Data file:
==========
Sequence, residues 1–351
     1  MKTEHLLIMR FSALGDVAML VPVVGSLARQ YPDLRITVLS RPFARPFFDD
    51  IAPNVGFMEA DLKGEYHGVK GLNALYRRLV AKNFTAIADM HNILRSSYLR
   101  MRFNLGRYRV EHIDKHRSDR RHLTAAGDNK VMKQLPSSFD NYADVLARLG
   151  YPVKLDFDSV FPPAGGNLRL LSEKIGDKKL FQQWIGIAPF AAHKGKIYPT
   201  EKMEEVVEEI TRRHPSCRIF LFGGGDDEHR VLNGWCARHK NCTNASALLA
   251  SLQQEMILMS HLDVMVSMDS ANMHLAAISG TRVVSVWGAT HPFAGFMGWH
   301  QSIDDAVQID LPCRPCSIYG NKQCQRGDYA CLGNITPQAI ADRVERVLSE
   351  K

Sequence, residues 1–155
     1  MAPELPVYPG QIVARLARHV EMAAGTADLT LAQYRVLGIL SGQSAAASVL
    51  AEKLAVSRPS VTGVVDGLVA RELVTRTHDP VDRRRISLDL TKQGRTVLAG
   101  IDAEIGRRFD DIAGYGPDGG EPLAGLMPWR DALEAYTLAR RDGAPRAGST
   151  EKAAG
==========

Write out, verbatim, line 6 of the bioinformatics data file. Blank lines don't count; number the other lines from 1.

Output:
   201  EKMEEVVEEI TRRHPSCRIF LFGGGDDEHR VLNGWCARHK NCTNASALLA